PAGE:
Northsider’s Acting Chops Land Play at Bug Theater

By Eric Heinz

Not even the COVID-19 pandemic could keep playwright and director Jonathan Marcantoni from casting Northsider Angelo Mendez-Soto in his latest production.

Mendez-Soto was supposed to be in Marcantoni’s “Puerto Rican Nocturne” in Colorado Springs in late 2019. He made the trip from North Denver to the Springs, driving through snow to do his audition during an open mic night.

“It just blew us away and he really charmed us,” Marcantoni said. “He got cast in that production, which was then shut down by the pandemic. Our opening night was the night that they closed all the theaters.”

Mendez-Soto had to prepare on the fly for his performance.

Angelo Mendez-Soto performs his monologue during a dress rehearsal at The Bug Theater. Remaining performances of the play are Aug. 19-21. Photo by Eric Heinz

“They had handed me a script about five minutes before, and he said, ‘I want you to play this character,’” Mendez-Soto said. “So I said, I’m going to do my audition right here, and I read the piece.”

Marcantoni was based in Colorado Springs but he has since moved to Denver. The production is taking place at The Bug Theater, 3654 Navajo St.

Mendez-Soto said he’s been a community theater actor for the last 44 years since his move to the Mile High City from Harlem in New York City. He mostly appears in productions with Su Teatro, and he was recently honored for his work by the theater.

“Puerto Rican Nocturne” is a dramatization that examines the aftermath of the Cerro Maravilla murders, which occurred in 1978 when a group of pro-American cops murdered activists who wanted independence for Puerto Rico, Marcantoni said.

Angelo Mendez-Soto performs his monologue during a dress rehearsal at The Bug Theater. Remaining performances of the play are Aug. 19-21. Photo by Eric Heinz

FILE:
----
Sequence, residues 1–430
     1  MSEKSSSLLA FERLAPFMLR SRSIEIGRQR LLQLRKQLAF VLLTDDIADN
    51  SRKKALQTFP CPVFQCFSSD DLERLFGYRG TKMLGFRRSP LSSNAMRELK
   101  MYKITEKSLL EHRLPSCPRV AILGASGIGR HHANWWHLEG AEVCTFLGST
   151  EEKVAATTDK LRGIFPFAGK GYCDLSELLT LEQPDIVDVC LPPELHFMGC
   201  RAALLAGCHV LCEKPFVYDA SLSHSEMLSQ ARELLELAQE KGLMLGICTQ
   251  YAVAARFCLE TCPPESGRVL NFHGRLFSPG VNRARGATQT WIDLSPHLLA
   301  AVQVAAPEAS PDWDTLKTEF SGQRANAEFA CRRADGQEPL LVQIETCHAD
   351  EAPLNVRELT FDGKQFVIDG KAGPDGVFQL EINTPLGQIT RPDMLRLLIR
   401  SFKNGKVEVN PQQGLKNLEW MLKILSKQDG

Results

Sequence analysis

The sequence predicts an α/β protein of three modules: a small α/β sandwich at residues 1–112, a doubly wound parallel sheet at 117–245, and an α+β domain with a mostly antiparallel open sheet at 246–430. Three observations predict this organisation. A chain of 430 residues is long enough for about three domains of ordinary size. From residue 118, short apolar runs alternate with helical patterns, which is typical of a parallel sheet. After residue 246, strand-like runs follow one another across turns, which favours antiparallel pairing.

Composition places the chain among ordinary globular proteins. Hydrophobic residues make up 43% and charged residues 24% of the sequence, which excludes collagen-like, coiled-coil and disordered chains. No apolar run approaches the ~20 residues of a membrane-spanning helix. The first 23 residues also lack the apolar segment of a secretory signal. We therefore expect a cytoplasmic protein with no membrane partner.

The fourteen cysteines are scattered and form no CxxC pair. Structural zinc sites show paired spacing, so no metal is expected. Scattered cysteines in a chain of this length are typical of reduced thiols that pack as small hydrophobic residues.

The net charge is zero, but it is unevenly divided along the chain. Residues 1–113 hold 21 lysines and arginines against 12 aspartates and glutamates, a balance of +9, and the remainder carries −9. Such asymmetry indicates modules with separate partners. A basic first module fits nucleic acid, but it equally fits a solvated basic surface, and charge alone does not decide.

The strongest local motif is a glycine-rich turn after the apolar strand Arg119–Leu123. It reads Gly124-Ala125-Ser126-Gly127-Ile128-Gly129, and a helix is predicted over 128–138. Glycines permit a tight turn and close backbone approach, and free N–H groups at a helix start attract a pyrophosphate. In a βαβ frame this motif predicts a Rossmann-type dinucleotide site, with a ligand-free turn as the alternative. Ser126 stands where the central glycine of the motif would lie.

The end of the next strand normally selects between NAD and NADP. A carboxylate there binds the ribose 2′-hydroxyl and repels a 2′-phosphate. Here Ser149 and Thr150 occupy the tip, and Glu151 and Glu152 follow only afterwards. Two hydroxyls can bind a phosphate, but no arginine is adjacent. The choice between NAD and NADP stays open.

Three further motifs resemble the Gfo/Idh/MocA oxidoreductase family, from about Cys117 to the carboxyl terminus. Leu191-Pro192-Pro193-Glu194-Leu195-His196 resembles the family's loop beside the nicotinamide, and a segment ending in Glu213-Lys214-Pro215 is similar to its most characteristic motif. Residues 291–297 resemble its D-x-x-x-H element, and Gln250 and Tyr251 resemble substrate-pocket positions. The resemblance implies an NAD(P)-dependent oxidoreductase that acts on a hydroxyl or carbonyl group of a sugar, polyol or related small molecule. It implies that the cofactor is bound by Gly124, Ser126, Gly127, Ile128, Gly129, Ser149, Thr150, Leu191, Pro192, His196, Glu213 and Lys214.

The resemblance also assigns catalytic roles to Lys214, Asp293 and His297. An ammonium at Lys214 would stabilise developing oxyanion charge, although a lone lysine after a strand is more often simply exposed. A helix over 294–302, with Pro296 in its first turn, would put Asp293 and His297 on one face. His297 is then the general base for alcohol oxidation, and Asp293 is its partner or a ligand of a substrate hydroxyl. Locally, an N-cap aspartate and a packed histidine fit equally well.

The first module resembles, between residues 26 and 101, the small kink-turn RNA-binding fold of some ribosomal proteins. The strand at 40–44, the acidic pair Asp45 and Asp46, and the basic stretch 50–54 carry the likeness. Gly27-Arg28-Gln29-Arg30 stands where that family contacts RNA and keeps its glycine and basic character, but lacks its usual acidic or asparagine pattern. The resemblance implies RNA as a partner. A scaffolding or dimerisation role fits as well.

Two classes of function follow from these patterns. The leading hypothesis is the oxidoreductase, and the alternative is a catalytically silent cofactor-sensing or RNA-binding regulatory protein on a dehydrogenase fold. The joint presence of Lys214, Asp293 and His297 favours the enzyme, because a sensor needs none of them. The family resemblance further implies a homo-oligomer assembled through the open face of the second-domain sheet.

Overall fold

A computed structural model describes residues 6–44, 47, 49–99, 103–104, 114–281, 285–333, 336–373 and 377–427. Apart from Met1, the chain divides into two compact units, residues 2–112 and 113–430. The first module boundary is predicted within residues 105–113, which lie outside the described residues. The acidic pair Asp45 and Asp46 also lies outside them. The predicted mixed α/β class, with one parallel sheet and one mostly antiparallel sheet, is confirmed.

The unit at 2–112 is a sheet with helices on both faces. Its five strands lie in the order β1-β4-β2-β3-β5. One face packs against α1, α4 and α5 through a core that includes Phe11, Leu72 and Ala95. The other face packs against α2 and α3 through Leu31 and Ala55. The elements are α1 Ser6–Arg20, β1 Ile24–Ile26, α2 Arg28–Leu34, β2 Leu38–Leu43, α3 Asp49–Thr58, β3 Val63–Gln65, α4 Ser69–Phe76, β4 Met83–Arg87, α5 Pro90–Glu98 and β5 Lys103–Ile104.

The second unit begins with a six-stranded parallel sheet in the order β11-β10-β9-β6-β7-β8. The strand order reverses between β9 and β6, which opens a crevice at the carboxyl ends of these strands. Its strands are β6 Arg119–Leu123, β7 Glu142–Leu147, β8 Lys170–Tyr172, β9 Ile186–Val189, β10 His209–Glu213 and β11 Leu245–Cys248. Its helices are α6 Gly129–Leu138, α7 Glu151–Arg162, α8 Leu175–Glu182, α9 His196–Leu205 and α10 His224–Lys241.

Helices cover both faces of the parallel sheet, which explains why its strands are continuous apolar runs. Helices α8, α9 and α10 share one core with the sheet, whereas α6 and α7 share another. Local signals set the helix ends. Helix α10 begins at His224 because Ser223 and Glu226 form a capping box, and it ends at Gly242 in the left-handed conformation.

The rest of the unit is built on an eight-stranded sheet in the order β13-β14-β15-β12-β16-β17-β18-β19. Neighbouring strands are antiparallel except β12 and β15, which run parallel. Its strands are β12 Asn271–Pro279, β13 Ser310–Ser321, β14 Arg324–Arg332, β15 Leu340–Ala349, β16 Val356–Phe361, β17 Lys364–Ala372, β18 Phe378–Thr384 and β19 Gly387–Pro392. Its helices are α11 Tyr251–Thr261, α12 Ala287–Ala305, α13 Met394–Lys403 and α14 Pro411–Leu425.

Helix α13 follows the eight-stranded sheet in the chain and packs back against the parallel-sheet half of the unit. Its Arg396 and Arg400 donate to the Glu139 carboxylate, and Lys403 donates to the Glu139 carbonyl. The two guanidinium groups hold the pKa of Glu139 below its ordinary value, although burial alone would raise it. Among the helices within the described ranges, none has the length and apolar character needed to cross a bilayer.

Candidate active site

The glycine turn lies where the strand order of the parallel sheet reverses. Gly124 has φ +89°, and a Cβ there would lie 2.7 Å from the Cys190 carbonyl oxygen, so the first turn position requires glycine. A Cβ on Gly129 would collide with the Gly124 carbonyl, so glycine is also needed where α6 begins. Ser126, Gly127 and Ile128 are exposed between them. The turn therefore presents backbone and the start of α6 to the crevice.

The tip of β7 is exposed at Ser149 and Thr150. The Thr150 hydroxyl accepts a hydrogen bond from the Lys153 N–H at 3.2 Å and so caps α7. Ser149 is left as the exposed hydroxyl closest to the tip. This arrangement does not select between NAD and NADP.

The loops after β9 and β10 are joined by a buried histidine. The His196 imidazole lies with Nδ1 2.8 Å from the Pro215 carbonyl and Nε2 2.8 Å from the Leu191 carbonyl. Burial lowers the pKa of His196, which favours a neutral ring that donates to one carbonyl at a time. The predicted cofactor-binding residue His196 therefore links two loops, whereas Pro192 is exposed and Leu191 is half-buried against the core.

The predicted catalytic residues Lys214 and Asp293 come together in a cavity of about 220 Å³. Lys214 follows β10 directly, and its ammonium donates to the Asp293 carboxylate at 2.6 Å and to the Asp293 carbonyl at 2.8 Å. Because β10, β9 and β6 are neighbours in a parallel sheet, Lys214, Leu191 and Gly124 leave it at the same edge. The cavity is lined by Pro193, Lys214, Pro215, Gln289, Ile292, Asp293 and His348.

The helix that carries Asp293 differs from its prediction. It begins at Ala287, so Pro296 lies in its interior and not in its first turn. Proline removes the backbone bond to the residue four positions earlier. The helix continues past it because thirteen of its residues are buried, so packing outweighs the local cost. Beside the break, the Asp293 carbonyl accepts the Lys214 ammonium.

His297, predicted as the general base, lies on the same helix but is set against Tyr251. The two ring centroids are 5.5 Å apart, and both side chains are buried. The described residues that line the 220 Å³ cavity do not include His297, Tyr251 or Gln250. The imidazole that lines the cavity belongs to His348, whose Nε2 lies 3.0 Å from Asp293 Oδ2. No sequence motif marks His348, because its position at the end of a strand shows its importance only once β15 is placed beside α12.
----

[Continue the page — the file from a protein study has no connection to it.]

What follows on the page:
“I wanted to write it as someone who loves history and especially the history of my people,” Marcantoni said. “I saw it as a story ripe with a lot of ideas that are close to me, and particularly the effects of colonialism psychologically on people.”

Marcantoni said he’s lost a few loved ones in Puerto Rico over the last few years, and the play helped him “navigate those feelings.”

“The play focuses on two alternating perspectives, that of the undercover cop that organized the killings, Alejandro González Malavé, and the mother of the youngest victim, whose name is Adria,” Marcantoni said.

Mendez-Soto plays Malavé, a character for which the actor is given a two-and-a-half-minute powerfully emotional monologue. He said the role resonated with him because he remembers the news coming from Puerto Rico about the killings.

“For me, it was something that I had been around; I’d been around in that era,” he said. “It was close to home.”

The play premiered Aug. 5, but remaining shows are at 7:30 p.m. Aug. 19 and 20, and at 2:30 p.m. Aug. 21. Tickets are available at and are $10 for students, $30 for general admission and $50 for those who want to donate to the theater.


1 Comment

  1. Angelo is a proud Northsider and has worked tirelessly for workers in the Service Employees International Union. His work in Justice for Janitors was instrumental in helping Janitors have better working conditions. His work as an actor is incredible and watching him on stage teaches us to be present and honest in our interpretations of a character. Way to go Angelo!

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